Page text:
Tuesday, September 15, 2009
On the ride in this morning, I passed a mustached man wearing a short sleeve button-down shirt, with shorts pulled up pretty high. He was sporting a bow-tie and riding a hybrid....the quintessential DC nerd. Even though I was riding in easy today, I thought for sure I'd blow by the guy and never see him again. When I passed him, he immediately sped up and latched onto my wheel. Dude was singing Journey songs the entire way down the Mt. Vernon Trail, until he passed me North of National Airport.
Monday, September 14, 2009
1) I suck at mountain biking
2) My mountain bike sucks
3) I did well in the run portion
4) No matter how well you run, the results are all about the bike
5) In order to win, you must drink beer, eat pizza and smoke post-race
When I showed up at the race, I had pretty good expectations. I knew I could put in a decent run, and although this was going to be only my 3rd mountain bike ride of the year, I could probably crank out the 9 miles in a respectable time, then bust my ass on the last run and make up any lost time...I couldn't have been more wrong.
First run went well. I could see the leaders as I was finishing up, and there were quite a few bikes left on the rack. I took off on the bike and passed a few riders early on...that's before the singletrack started. We had ran on part of the bike course, so I knew a little of what to expect. As soon as I hit the singletrack, I began to have shifting problems, couldn't get in a low enough gear and ended up falling over on the first climb because I couldn't clip out of the pedals...that happened again, moments later. I fell twice on the first climb, and eventually ran up the hill with my bike. In the first mile, I was passed by quite a few mountain bikers as I struggled with some of the log jumps. I end up behind a guy for a short while who's having a few more problems than me. We come up on a tricky section...a tunnel under I-95 that is not lit. Before the tunnel, you have to ride up on a platform. Next to the platform is a ditch of stinkwater about 3 feet below. The platform was wet, so the guy slipped, bounced off the concrete platform and fell into the stinkwater. I thought for sure the guy was injured, but he bounced back. I pulled his bike out of the stinkwater, and was thankful that at least I didn't smell like him. Then we rode under I-95, a spooky experience as you could see nothing but a small light at the end of the tunnel. The tunnel has about 2 inches of stinkwater running through it, so it was a very pleasant experience.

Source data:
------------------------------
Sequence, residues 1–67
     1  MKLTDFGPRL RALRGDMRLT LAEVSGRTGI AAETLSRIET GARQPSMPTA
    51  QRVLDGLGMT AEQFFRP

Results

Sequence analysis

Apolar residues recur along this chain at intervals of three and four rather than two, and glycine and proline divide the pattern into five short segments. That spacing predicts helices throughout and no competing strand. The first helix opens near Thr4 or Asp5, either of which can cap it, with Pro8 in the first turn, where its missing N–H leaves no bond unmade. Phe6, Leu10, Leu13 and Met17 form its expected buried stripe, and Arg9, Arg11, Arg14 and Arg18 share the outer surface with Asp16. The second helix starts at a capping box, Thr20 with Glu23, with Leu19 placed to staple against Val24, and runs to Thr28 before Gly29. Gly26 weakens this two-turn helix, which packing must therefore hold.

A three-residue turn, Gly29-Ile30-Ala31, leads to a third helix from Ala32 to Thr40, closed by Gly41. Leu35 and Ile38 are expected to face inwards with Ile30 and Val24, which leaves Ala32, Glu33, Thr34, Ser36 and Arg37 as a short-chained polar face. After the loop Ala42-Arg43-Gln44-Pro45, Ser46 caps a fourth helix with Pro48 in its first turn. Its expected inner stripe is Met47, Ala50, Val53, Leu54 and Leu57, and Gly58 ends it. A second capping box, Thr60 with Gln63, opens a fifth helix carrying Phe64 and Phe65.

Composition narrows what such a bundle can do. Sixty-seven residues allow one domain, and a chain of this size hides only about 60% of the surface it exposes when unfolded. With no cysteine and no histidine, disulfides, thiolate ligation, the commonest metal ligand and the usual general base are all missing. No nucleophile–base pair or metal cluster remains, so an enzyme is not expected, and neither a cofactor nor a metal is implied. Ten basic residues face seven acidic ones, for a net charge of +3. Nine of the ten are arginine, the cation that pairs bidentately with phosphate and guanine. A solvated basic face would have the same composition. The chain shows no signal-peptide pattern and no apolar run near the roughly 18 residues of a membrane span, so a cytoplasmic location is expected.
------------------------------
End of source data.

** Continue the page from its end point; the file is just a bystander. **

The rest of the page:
I took a couple good falls after the stink-tunnel, slipped on a root and really busted my ass...my arm was tingling for the rest of the ride. I really wanted the ride to be over, then I took a flat. Thought about riding it on to the transition area, but had no idea where that was....eventually decided to fix the flat. Watch quite a few people pass me. Once I'm back on the bike, I'm convinced I'm in last place. I bust my ass to catch all those that got in front of me...manage to pass most of them. Got to the transition area, and was being cheered on by those who had already finished the race...not good. Head off on the run, cruising at a pretty decent pace, passing a couple others on the course, but did most of it alone. As I head in for the finish, got a few more "good jobs" from other finishers.
Despite the bad riding and bad luck, it was a lot of fun. Post-race pizza and beer was great. Saw a guy at the keg smoking...come to find out he won the race. WTF?
Thursday, September 10, 2009
1.) Throw down the hammer, pass the guy and don't let him catch me.
2.) Back off a little and give the guy some space...he did pass me, and since I don't know him, sitting on his wheel is rude.
3.) Sit on his wheel...if someone passes me, he should do it with authority, or at least ride at a pace I'm not willing to ride.